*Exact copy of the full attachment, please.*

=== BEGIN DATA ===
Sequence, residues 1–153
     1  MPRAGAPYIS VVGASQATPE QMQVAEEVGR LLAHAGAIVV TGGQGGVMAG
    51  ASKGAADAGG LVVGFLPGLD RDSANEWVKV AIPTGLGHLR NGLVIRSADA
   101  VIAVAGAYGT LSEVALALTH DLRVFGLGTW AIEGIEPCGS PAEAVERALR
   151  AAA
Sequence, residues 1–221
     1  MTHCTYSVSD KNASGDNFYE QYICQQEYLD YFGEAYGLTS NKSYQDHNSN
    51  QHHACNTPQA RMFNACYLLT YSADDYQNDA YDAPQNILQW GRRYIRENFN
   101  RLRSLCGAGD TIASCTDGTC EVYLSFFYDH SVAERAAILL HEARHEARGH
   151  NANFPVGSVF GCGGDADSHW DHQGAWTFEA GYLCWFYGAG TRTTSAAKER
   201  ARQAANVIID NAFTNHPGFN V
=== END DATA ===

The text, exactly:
Sequence, residues 1–153
     1  MPRAGAPYIS VVGASQATPE QMQVAEEVGR LLAHAGAIVV TGGQGGVMAG
    51  ASKGAADAGG LVVGFLPGLD RDSANEWVKV AIPTGLGHLR NGLVIRSADA
   101  VIAVAGAYGT LSEVALALTH DLRVFGLGTW AIEGIEPCGS PAEAVERALR
   151  AAA
Sequence, residues 1–221
     1  MTHCTYSVSD KNASGDNFYE QYICQQEYLD YFGEAYGLTS NKSYQDHNSN
    51  QHHACNTPQA RMFNACYLLT YSADDYQNDA YDAPQNILQW GRRYIRENFN
   101  RLRSLCGAGD TIASCTDGTC EVYLSFFYDH SVAERAAILL HEARHEARGH
   151  NANFPVGSVF GCGGDADSHW DHQGAWTFEA GYLCWFYGAG TRTTSAAKER
   201  ARQAANVIID NAFTNHPGFN V